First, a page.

Study: Osteoarthritis is more likely in post-surgery patients who lose range of motion

Kevin Magna

July 13, 2011

Recent research conducted at the Shelbourne Knee Center found that loss of motion following reconstructive ACL surgery may be a contributing factor to the development of osteoarthritis. The causes of the degenerative joint disease are largely unknown, but old age is thought to be a major factor as almost everyone shows symptoms by the age of 70, according to the National Institutes of Health.

Osteoarthritis can cause pain and stiffness in the joints, which may be worsened by physical activity, and this could increase the risk of falls and other injuries. Individuals who have symptoms of osteoarthritis can purchase senior alert systems, which will send out medical alerts if they are hurt and cannot otherwise get help.

"Our research shows that patients given rehabilitation that emphasizes full motion be obtained and maintained throughout time after surgery have more favorable results on x-rays than patients who lose motion," said K. Donald Shelbourne, the lead researcher.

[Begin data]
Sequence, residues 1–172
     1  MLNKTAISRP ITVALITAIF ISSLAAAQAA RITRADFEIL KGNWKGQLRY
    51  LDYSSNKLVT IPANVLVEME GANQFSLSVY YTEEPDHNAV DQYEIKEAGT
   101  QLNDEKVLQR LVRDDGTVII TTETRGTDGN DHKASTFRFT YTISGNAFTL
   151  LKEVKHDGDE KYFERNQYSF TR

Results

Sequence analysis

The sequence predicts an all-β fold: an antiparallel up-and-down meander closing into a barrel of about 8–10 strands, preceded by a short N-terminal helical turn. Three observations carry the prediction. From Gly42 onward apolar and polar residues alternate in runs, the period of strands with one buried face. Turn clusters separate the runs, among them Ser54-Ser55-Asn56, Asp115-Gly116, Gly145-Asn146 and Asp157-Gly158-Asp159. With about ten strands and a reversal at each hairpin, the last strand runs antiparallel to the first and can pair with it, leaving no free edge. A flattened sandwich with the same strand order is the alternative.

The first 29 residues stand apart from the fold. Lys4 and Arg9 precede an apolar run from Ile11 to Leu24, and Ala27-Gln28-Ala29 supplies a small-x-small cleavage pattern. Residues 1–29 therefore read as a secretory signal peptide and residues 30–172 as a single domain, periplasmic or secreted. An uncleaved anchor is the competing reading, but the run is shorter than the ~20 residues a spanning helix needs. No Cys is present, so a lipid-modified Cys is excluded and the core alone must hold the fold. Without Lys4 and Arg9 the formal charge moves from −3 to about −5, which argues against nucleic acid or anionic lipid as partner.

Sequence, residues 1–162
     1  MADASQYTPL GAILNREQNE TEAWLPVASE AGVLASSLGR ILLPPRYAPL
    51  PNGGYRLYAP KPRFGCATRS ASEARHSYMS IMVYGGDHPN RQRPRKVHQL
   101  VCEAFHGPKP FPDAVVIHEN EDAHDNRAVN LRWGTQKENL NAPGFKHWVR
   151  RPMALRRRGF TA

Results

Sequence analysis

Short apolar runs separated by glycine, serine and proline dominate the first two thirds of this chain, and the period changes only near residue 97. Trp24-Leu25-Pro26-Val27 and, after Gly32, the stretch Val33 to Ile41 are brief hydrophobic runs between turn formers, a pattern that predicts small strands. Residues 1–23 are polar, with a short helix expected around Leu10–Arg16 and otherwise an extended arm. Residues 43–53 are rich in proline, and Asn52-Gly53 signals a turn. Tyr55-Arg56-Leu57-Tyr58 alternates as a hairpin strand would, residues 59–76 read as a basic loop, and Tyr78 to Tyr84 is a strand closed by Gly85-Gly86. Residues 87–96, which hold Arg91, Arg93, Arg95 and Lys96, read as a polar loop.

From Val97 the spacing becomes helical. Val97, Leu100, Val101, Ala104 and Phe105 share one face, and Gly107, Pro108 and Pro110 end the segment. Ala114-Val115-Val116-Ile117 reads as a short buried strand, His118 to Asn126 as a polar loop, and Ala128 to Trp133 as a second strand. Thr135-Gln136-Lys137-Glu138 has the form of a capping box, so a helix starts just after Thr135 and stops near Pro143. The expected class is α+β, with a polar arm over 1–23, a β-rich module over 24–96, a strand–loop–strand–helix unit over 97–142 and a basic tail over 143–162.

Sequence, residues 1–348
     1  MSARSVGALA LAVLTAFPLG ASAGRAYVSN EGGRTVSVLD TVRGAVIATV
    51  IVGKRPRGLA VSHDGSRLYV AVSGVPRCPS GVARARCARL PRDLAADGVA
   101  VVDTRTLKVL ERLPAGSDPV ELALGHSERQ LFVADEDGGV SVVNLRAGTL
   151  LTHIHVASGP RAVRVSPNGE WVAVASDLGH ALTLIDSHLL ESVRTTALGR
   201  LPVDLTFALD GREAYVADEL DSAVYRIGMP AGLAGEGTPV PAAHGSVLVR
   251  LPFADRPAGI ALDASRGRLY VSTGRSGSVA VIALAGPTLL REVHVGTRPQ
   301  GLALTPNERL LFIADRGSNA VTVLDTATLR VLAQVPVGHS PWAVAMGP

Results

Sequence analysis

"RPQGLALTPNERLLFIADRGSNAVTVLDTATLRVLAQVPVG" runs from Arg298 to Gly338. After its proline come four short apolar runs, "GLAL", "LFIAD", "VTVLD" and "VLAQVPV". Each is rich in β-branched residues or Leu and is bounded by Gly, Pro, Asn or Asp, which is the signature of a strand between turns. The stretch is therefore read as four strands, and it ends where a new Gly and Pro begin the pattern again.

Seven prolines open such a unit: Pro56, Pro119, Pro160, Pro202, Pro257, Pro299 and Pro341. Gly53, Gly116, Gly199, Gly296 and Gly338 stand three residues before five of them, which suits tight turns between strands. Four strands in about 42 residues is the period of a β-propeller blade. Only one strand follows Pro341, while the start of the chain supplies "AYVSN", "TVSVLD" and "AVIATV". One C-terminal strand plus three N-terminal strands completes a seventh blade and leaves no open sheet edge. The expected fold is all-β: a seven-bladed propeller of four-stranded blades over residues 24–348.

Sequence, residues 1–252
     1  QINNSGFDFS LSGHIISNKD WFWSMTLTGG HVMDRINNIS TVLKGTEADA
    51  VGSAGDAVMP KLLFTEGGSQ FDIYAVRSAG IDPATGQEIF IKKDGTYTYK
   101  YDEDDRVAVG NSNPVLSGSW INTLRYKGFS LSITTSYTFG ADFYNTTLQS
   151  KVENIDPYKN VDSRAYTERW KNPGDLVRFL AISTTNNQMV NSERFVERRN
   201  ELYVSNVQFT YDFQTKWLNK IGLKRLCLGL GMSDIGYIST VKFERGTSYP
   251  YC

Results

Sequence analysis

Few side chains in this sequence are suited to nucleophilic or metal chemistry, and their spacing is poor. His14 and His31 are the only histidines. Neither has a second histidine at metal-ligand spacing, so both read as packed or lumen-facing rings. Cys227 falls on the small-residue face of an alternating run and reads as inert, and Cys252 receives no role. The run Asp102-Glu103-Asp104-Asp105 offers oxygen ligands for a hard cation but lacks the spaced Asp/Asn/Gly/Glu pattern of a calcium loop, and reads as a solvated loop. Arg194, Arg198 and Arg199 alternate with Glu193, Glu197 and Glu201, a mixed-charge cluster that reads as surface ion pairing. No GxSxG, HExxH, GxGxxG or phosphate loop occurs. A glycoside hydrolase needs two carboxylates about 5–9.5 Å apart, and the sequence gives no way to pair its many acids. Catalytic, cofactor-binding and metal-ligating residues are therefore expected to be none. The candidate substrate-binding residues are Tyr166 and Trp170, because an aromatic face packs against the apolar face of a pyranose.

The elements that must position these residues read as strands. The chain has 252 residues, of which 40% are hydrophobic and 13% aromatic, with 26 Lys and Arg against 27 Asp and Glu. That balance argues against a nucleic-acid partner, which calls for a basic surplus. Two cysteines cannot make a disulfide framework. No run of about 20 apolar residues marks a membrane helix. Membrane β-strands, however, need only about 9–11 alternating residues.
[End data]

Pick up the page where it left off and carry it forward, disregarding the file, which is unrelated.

The scientists examined 780 individuals who had ACL reconstruction a minimum of five years prior to the study. Of the participants who displayed a full range of motion, roughly 71 percent had no signs of arthritic changes. Nearly half of individuals who had limited motion also showed signs of osteoarthritis. 

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